Traders buy and sell stocks, bonds or foreign exchange for a firm's own account. A great deal of money can be made or lost based on a single trader's decisions. Trading skill is somehow intuitive--almost like an athletic ability--and you don't really know if you have it until you try. Good traders sense the market's direction and quickly get in front of the momentum. They need not be charming and people oriented--they just have to be right more often than not. They keep a lot of quantitative information in their heads at all times, and their time horizon is very short. Trading somewhat resembles a gambling game, but it is not random. It takes steady nerves, concentration and good intuition, plus a comprehensive knowledge of markets.
In contrast to traders, salespeople need to be people oriented. They meet the needs of institutional investors, including corporate treasurers, by finding the right securities at the right prices. They must gain the confidence of their customers and often negotiate with traders in their own firms to obtain the best prices for important customers. There is also an element of socializing with the customers, to be more than a voice at the end of a telephone and to learn more broadly the customers' needs and preferences. Effective institutional salespeople know their customers well and often bring them new investment ideas.
Most financial institutions also have a sales force catering to wealthy private individuals. This work resembles institutional sales but is more individualistic and idiosyncratic. A private-client specialist is a kind of stockbroker, in that he or she lives solely or primarily on commissions and must constantly bring new ideas to clients. Strong social skills are necessary here as well, and the best private-client professionals develop a franchise of individuals who trust them and give them business.
The mutual fund industry has grown explosively and has attracted individuals from many backgrounds. The ultimate skill of a first-class fund manager is to articulate and implement a particular portfolio strategy that shows some promise of delivering above-average performance. Typical strategies are value based, contrarian or momentum based. Some celebrated fund managers have simply had a knack for finding lesser-known companies and understanding which of them were destined to succeed. This is the area of finance in which advanced theory, as taught not only in the MBA program but also in the PhD program, has its greatest application. Fund management is less cyclical than many other financial careers and is often less frenzied than the sell-side jobs.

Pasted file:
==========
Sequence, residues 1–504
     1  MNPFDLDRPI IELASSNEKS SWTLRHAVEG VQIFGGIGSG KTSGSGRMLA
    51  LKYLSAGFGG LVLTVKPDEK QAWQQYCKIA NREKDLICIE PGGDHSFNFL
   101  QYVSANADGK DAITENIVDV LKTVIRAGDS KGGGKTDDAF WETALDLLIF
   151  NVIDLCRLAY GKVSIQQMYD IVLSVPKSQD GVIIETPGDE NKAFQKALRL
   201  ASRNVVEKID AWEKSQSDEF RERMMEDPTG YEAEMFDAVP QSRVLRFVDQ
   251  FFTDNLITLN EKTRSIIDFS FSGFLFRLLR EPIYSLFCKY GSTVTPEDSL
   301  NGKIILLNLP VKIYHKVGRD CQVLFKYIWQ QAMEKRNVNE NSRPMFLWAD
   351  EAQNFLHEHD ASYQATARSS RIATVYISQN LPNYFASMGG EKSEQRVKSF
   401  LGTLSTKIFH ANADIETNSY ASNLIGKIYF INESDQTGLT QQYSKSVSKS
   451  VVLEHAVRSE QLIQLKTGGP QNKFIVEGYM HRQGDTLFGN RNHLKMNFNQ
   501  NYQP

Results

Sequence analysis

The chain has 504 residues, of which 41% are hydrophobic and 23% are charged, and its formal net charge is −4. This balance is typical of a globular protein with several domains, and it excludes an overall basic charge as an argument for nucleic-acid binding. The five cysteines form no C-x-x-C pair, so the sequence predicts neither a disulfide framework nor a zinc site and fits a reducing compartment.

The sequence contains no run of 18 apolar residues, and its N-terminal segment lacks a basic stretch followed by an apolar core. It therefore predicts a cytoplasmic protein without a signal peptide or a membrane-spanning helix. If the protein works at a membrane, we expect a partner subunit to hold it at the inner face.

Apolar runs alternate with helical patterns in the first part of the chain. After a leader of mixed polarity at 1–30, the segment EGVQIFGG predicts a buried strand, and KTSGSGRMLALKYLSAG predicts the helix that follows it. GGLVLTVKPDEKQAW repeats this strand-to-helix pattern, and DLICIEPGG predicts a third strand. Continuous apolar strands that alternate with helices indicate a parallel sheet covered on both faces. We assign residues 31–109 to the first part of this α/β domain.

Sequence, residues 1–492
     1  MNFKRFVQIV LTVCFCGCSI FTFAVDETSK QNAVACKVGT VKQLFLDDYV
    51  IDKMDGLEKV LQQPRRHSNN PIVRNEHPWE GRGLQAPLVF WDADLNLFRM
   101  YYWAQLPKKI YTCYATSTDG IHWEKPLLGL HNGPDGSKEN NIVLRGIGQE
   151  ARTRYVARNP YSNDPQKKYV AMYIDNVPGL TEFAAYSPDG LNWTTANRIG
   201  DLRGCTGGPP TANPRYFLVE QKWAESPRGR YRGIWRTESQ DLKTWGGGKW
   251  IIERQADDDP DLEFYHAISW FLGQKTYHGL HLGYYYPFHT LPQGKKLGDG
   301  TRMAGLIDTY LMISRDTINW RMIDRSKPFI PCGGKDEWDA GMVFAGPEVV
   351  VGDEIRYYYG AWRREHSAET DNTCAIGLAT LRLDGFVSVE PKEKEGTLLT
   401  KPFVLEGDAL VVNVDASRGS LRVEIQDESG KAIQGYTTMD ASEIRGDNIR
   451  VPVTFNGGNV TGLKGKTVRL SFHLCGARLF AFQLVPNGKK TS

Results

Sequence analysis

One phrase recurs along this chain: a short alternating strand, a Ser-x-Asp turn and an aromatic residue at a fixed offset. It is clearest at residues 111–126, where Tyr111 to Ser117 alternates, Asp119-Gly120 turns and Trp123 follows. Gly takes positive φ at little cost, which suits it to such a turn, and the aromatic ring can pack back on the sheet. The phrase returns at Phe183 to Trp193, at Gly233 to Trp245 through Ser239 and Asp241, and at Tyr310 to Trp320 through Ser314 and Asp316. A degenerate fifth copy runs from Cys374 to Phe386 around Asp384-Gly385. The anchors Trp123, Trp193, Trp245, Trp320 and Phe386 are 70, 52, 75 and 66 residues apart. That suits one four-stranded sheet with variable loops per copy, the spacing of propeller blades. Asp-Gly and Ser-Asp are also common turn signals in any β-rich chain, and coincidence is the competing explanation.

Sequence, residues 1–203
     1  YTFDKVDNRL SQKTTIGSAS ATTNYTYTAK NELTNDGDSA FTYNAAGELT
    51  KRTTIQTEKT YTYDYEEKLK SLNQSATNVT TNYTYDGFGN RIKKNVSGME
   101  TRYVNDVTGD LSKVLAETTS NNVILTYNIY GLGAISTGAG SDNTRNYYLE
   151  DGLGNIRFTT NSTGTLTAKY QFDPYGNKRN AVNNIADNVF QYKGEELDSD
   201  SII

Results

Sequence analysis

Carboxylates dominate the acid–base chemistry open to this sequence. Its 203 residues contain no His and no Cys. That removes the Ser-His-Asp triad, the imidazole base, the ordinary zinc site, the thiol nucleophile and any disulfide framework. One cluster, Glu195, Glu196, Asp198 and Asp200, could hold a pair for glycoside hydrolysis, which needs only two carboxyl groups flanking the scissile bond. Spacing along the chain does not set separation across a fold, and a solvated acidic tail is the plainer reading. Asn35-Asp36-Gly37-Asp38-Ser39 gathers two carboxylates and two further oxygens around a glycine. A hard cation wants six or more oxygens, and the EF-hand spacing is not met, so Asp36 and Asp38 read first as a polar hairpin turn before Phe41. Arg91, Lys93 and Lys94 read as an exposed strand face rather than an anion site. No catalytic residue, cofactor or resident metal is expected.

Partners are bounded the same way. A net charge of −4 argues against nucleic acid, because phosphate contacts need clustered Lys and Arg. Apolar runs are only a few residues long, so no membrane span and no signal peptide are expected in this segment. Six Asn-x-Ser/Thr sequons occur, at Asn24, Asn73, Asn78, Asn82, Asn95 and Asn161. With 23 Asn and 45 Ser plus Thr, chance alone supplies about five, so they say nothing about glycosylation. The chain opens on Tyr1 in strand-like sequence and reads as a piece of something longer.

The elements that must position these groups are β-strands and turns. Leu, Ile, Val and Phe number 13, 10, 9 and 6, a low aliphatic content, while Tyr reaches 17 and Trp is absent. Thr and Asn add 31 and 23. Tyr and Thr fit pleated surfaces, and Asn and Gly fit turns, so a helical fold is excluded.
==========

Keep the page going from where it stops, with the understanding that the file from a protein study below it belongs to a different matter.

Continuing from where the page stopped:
An important career opportunity often overlooked by students is equity research. Analysis is done both on the sell side for brokerage firms and on the buy side for mutual fund managers and other investment managers. Sell-side analysis involves writing up stock purchase ideas that can be used by salespeople with their customers; it usually has an optimistic slant. Buy-side analysis is somewhat more detached and is used by fund managers in their investment decisions. A good analyst needs to be diligent and scrupulous about accurate details and must enjoy spreadsheets and careful comparisons.
This specialized form of investment management provides funds to companies at early stages in their development, typically before their initial public offering of stock. It has enormous appeal to business school students but is difficult to enter. Many venture capital firms specialize in certain emerging technologies, and they most want to hire individuals with operating backgrounds in those technologies. Students with such backgrounds have a natural advantage in competing for venture capital opportunities. Without such a technical background, it is difficult to enter the venture capital business straight out of business school.
Many financial institutions and private partnerships pursue leveraged buyout equity investment. This involves buying entire companies, whether private or public, with relatively modest equity investment. This has become an important business for all types of banks, some of which use the misleading phrase "merchant banking." Individuals selected for this area often have experience in such other arenas as mergers and acquisitions. They must combine negotiating skills with an astute sense of what makes an operating business successful. This, too, is a difficult area to enter straight out of business school. Most private equity funds bring on people with substantial transaction experience.